We'll get him! Green vows to get 'dirty' jail guard
by Al Sullivan Reporter Senior Staff Writer
Mar 15, 2002 | 673 views | 0 0 comments | 6 6 recommendations | email to a friend | print
Saying that nearly every law enforcement body had a dirty cop from time to time, County Corrections Department Director Ralph Green vowed to get the person who supplied an inmate with drugs.

Patrick Demedici, a 36-year old inmate at the Hudson County Correctional facility, apparently overdosed in his cell and was rushed to Jersey City Medical Center in the early morning hours of March 8. Syringes were reportedly found in his cell later.

"Every police department has dirty cops," Green said during the March 12 freeholder caucus. If that's who did this - and I suspected it is - I won't be embarrassed by that, but it is our obligation to catch him. We have our share at the Kearny facility and we have some at the youth house, too. We're actively seeking to catch them. And we will."

Green said the prosecutor's office and internal affairs are currently investigating the matter. He said Hudson County has some very good officers, and these officers also want the dirty cop caught.

"But we're not going to prevent this from happening," he said, noting that the size of the facility, the fourth largest in New Jersey, will be vulnerable to such events. But he said the correction facility is rated high around the country in terms of quality: 46th out of 3,500 facilities.

Green said that this is the only death at the Kearny facility in a decade.

Green noted that the internal affairs division stopped a female corrections officer on March 12 who was driving with a male inmate who had just been released. An investigation had turned up a personal relationship on their part, contrary to jail rules, Green said.

"She'll be suspended," he said.

Green said his department and officers are very concerned about the death and the drugs, saying that a dirty cop who would bring drugs into a jail is just as likely to bring inmates a gun.

"When our officers have to come into a situation like that, we know we have a problem," he said.

Freeholders Barry Dugan of Bayonne complained that the freeholders had been left in the dark on the happenings at the jail, and asked that a communication network be set up to allow freeholders to get information when events of this kind happen.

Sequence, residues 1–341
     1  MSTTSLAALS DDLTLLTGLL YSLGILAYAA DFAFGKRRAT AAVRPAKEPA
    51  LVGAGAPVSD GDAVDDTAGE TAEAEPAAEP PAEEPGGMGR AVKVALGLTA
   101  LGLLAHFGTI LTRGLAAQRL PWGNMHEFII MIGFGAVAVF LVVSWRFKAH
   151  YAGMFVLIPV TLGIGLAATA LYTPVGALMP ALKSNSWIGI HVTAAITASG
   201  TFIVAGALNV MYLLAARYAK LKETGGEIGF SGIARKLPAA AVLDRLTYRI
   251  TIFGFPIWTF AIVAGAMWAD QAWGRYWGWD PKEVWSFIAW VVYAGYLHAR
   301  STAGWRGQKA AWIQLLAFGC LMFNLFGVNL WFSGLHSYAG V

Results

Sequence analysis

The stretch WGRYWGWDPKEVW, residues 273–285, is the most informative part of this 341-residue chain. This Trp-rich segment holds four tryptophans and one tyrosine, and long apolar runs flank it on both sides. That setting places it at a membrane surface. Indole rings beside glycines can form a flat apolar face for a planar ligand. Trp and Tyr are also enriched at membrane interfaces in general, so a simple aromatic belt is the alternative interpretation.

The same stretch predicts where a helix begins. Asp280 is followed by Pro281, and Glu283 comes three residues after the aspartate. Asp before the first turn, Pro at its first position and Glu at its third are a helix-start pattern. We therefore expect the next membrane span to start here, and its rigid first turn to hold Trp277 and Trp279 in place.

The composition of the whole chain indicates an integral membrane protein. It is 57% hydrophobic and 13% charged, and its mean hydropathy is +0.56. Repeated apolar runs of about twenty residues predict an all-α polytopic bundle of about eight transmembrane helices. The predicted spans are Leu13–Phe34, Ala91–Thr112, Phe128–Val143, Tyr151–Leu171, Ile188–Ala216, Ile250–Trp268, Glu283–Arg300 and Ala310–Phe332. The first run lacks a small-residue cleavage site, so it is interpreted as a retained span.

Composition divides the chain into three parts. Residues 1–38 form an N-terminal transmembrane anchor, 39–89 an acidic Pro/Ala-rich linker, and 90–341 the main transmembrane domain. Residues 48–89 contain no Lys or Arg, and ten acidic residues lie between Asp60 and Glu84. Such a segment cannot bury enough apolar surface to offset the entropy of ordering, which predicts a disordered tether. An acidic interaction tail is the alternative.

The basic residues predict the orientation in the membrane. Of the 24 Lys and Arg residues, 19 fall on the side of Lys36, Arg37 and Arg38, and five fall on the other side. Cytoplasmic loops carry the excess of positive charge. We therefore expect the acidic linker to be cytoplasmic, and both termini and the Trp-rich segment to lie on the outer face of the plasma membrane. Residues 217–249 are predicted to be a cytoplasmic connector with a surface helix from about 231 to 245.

Freeholder William O'Dea of Jersey City, said under the former county executive, Robert Janiszewski, department heads and other officials in Hudson County were not allowed to talk to freeholders or anyone else, and that information had to come through the county administrator's office.

Freeholder William Braker - chairman of the Public Safety Committee - said he had been notified in a timely matter. However, he said that he had been told that the matter was still under investigation and he should keep the information confidential. Freeholder Chairman Sal Vega of West New York said he had been told as well, but had presumed the information had been passed to the other freeholders.

Mark Morchel, Hudson County's first assistant county counsel, has been named acting county administrator. He agreed to provide the freeholders with various telephone numbers that would allow them to get information promptly in the future. Caption: EXPLANING WHAT HAPPENED - Corrections Director Ralph Green explained the situation behind the death of an inmate at the Hudson County jail. Is Brennan Courthouse falling down?

Water seeping out of rotting pipes in the walls of the 92-year-old Brennan Courthouse in Jersey City may be rotting out the foundation, said county officials.

In declaring an emergency, Mariano Vega, Hudson County Public Resources director, asked the freeholders to expend $400,000 in repairs and $33,500 in engineering costs.

The leak is likely the result of a collapsed water line that has caused water to back up throughout the system. Repair of the various lines is difficult because many of the pipes are encased in walls in a way not easily accessible.

Vega said the antiquated water removal system is about 40 years past its life expectancy, and that repair costs would include a modernization process that would replace the current system with piping encased in PVC containers rather than concrete. If repairs are not done, Vega said, the integrity of the building's foundation could be compromised.

The building, which has been undergoing restoration and a study of additional needed works for several years, has been on the National Register of Historic Places since 1970. - Al Sullivan
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